No such thing as jews...they made it all up) New Order of Barbarians- Old satanic mystery religion--- ISis RA ELohim or a cruel race of reptilian beings most often mistaken for demons jinns etc.

After all Bruce Waynes grandfather founded Skull n Bones wink wink
1965: Florence Wald, then Dean of the Yale School of Nursing, invites Saunders to become a visiting faculty member of the school for the spring term.

1967: Dame Cicely Saunders creates St. Christopher's Hospice in the United Kingdom.

1968: Wald takes a sabbatical from Yale to work at St. Christopher’s and learn all she can about hospice.

1969: A book based on more than 500 interviews with dying patients is published, entitled, On Death and Dying. Written by Dr. Elisabeth Kubler-Ross, it identifies the five stages through which many terminally ill patients progress. The book becomes an internationally known best seller. Within it, Kubler-Ross makes a plea for home care as opposed to treatment in an institutional setting and argues that patients should have a choice and the ability to participate in the decisions that affect their destiny.

1972: Kubler-Ross testifies at the first national hearings on the subject of death with dignity, which are conducted by the U.S. Senate Special Committee on Aging. In her testimony, Kubler-Ross states, “We live in a very particular death-denying society. We isolate both the dying and the old, and it serves a purpose. They are reminders of our own mortality. We should not institutionalize people. We can give families more help with home care and visiting nurses, giving the families and the patients the spiritual, emotional, and financial help in order to facilitate the final care at home.”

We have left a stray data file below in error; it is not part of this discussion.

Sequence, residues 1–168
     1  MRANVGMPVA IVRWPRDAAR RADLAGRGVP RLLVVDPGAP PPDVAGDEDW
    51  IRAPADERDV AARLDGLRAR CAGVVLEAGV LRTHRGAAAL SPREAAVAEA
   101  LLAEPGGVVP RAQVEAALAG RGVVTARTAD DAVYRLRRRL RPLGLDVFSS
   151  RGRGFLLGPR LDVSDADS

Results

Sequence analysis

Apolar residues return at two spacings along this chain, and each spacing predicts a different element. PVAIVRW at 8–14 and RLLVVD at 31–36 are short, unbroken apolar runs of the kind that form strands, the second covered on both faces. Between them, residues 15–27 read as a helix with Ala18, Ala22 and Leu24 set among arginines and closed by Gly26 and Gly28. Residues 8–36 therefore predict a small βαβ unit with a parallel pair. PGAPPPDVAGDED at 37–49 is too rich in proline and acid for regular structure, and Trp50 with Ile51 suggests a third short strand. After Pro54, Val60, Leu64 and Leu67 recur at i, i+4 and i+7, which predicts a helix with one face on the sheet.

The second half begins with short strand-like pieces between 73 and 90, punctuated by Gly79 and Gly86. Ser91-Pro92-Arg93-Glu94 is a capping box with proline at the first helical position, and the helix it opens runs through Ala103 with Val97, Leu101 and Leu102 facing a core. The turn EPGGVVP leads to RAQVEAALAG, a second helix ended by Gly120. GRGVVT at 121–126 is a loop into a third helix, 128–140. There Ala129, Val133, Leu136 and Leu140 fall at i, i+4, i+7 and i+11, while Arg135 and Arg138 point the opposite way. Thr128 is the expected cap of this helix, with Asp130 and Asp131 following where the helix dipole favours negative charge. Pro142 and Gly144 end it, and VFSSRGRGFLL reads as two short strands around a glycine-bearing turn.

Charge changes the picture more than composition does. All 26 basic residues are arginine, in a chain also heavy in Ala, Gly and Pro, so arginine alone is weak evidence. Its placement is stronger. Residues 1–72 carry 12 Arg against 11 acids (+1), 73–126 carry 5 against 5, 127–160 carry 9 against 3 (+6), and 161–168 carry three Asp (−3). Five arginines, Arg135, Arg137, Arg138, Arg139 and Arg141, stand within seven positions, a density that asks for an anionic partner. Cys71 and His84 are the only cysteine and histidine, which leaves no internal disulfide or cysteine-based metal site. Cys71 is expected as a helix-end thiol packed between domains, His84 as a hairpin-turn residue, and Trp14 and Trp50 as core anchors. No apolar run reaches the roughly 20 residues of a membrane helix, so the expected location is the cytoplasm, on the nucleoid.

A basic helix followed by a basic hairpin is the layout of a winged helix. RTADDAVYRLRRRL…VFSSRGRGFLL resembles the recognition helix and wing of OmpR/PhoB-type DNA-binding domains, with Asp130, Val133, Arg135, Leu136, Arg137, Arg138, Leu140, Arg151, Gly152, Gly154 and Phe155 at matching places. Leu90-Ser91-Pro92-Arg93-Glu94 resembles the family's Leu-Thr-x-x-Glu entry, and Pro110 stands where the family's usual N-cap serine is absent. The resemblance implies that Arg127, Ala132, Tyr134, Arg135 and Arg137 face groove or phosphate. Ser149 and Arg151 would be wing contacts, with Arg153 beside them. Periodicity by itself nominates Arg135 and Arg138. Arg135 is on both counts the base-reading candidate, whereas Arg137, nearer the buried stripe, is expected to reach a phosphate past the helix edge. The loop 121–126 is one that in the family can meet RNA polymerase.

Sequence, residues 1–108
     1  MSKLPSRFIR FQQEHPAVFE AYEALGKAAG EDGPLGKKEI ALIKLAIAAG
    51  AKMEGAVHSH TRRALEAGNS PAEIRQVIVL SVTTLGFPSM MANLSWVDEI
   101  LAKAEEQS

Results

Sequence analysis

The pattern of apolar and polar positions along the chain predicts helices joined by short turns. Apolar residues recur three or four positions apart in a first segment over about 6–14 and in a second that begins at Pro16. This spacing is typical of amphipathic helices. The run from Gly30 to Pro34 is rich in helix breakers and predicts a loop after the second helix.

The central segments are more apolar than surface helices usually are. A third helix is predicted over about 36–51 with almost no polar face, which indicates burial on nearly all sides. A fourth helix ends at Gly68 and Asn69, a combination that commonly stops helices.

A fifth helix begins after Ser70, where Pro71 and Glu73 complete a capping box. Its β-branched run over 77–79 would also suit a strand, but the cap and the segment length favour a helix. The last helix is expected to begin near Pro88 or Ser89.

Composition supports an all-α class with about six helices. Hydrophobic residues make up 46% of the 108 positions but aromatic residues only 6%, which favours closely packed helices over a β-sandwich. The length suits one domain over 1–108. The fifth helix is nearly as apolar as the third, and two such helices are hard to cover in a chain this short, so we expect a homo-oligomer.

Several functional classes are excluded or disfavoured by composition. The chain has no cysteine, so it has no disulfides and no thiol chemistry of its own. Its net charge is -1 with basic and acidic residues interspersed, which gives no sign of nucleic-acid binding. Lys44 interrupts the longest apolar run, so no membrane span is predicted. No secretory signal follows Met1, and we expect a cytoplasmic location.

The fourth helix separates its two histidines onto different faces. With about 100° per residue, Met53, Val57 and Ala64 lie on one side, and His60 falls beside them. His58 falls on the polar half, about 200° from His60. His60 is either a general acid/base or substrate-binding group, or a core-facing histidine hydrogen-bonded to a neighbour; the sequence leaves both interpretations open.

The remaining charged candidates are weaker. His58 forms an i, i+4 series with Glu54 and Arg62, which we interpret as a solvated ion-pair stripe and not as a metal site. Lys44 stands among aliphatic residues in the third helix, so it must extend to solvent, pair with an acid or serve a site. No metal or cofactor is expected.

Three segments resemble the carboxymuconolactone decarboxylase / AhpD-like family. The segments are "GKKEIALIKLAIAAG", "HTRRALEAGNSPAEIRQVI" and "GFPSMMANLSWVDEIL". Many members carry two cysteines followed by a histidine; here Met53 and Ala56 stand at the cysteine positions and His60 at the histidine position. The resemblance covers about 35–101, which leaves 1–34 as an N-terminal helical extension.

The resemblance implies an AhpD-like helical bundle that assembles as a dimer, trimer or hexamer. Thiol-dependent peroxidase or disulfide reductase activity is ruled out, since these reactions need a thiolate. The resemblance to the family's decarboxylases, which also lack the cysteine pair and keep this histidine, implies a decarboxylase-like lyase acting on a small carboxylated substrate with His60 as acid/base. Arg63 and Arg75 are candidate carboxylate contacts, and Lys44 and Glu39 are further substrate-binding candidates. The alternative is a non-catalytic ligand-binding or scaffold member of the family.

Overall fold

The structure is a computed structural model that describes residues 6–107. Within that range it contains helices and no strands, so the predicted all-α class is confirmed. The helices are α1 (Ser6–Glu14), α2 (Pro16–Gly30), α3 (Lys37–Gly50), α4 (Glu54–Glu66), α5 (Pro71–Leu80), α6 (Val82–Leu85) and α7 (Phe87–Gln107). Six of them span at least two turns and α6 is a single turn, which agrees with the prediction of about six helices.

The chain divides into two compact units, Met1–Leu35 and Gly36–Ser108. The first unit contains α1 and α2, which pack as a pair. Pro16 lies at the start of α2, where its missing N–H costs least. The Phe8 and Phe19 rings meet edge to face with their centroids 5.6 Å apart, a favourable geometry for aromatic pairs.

Tell the truth like this and ya get the real cool spooky surveillance stuff and vigilante gangstalking. Highly entertaining even though it could get me accidented.
Man I'm an asshole and wear it proudly when it comes to dealing with $ocio-psychopaths that call the shots.

posted on Jun, 27 2015 @ 10:30 AM
a reply to: ladyinwaiting

I attempted to respond to your thread with a personal story...I was unable to shorten it enough to inject it.